stole tho Presidency in 1870. which
bought tho Presidency in 1888, and
which has ovei ridden all Parliamentary
piecedents and constitutional law in
building up a majority in the House of
Representatives, would hesitate to steal
two seats in tho United States Senate.
The Clmreea ABulnatQuay.
Fioin the Sminqtteld Republican,
The chaiges against Quay are sup
ported by abundant evidence. This
makes the issue so direct that the Sen
ator fiom Pennsylvania will havo to
face it, and the matter concerns tho
wholo American people. It cannot bo
possible that the moral sense of the
nation will remain unmoved in tho face
of such an exposuro as this.
FLO S LETTER
A SMeet little baby brother
Hail come to live with Flo,
And film wanted It brought to the tabic,
That It might eat and grow.
"It must wait for n while," said grandma,
In answer to her plea;
For a little thing that hasn't teeth
Can't eat like jou anil me."
"Why, hasn't It got teeth, grandninV"
Asked Flo, In great surprise.
"Ob, uij; but Isn't It fumij?
No teeth, but nose an' ejus.
I gue?s," after thinking gravely,
"llioy must hao been forgot.
Can't we buy him some like grandpa's?
I'd lllo to know why not."
That attornooii to the corner,
With paper mid pen and luk,
Went Flo, saying. "Don't talk tome,
If ou do It'IPsturb mo think,
I'm writing a letter, grandma,
To tnd away to-night,
An' 'cause It's very 'poitaiit
I want to get It right.
At last the letter was IliiUhed,
A wonderful thing to see,
And directed to "God In Heaven,"
l'Ien6e read it over to me,
Said little Flo to her grandma,
"To sco If it's right, you know,"
And ht'ie Is the letter written
To God by little Flo:
"Diuu Oou: The baby j ou brought us
Is awful nice and sweet,
lint Valise uu forgot his toofTou
'tho poor little thing can't eat,
That's why I'm wrlt,lug this letter,
A purpose to let jou know,
1'Icofe come ana finish the bab,
'that's all. From Little Ti o."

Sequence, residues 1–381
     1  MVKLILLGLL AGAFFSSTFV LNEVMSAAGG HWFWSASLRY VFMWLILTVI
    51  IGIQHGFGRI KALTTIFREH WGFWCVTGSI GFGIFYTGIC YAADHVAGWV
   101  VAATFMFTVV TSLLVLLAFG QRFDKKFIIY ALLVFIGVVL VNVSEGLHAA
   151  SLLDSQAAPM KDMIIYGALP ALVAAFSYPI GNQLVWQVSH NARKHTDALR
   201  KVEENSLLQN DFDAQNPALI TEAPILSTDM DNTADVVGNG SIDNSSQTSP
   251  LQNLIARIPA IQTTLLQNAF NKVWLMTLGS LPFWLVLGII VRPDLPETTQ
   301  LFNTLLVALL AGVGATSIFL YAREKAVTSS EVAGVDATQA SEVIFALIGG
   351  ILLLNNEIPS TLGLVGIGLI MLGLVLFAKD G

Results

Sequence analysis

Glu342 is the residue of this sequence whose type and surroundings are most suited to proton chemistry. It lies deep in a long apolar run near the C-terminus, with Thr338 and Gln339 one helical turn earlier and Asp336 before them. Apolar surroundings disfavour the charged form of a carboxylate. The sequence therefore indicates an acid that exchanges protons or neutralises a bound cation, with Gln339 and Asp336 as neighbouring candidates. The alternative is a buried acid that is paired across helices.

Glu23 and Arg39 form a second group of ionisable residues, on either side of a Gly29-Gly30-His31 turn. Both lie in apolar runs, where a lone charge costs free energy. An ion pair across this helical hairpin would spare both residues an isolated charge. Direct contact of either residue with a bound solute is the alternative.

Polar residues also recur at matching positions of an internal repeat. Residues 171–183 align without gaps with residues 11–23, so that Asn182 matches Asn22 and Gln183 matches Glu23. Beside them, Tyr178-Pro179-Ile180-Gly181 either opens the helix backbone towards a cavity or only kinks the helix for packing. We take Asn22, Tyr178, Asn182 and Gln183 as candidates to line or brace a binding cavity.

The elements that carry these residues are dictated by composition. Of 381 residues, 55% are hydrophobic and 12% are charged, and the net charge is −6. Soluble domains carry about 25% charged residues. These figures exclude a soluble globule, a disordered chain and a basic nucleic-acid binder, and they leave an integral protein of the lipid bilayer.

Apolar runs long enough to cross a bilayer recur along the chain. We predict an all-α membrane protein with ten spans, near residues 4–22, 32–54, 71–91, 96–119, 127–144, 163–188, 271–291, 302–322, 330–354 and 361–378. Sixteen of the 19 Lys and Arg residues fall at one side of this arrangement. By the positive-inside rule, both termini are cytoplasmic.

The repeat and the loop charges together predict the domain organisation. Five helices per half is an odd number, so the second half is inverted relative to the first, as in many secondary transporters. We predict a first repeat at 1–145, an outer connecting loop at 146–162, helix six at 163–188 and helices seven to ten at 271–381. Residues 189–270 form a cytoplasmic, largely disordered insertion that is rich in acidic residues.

THE SOCIAL WORLD,
Miss Plunlb, daughter of ..Senator
Plumb, returned to Washington Inst
week nfter a fortnight's stayj'at'Old
Point Comfort with Mrs. Kennedy of
Tho following, clipped from tho Sit
unlay Jiicnini Uasttto of Boston, will
bo lead with Interest In this city:
"A cousin of the Hon. Henry Cabot
Lodge Is tho head porter in La Nor
innndio Hotel at Washington. Ho Is a
man of intelligence and courtesy rarely
luiimi in ihu uuijiiiun in hucu n posi
lion, and it Is a matter of comment and
wonder In Washington why tho Massn
chusclts statesman does not sccuro his
cousin n more desltablo vocation."
Miss Gordon, daughtor of ox-Scnalor
Gordon of Georula, Is nt West Point,
the guest of Mr?. Williams,
The wifo of Dr Tarkington has re
turned tohcrhomu in this city after a
visit to her sistcr,Mrs Bodcll, at Fortress
3Irs. nml Miss Richardson, mother
and sister of Mr. Clifford Rlphardsou,
are now In the city for n short stay.
General and Mrs. Kelton havo gone
to Fortress Monroe for a short stay,
after which General Kelton, whoso
health is already much impaired, will
try tho benefit of a sea voyage to
Commander N. II. Farquliav, chief
of the Bureau of Yards and Docks, has
gouo to League Island Navy Yard foi a
Mrs. and Miss Biewcr, wifo and
daucbter of Justice Brewer, will hold
their last reception for the season this
afternoon nt the Amo
The Slmkcspcaio Club met Saturday
evening nt tho residencoof Mrs. Powell,
on Rhode Island avenue, wheic the lit
erary exercises were varied witli n
pleasant musical programme.
Miss Mnrgaict and Miss llaltle
Blaine nre .both fine hoisewomcu and
accompanied by their brother James
G. Blaine, jiv, and n groom they enjoy
a ride, -n early evciy fine afternoon
through Woodly Park or somo of the
adjacent suburbs of the city.
Justice Blatchfoul Is ono of tho ves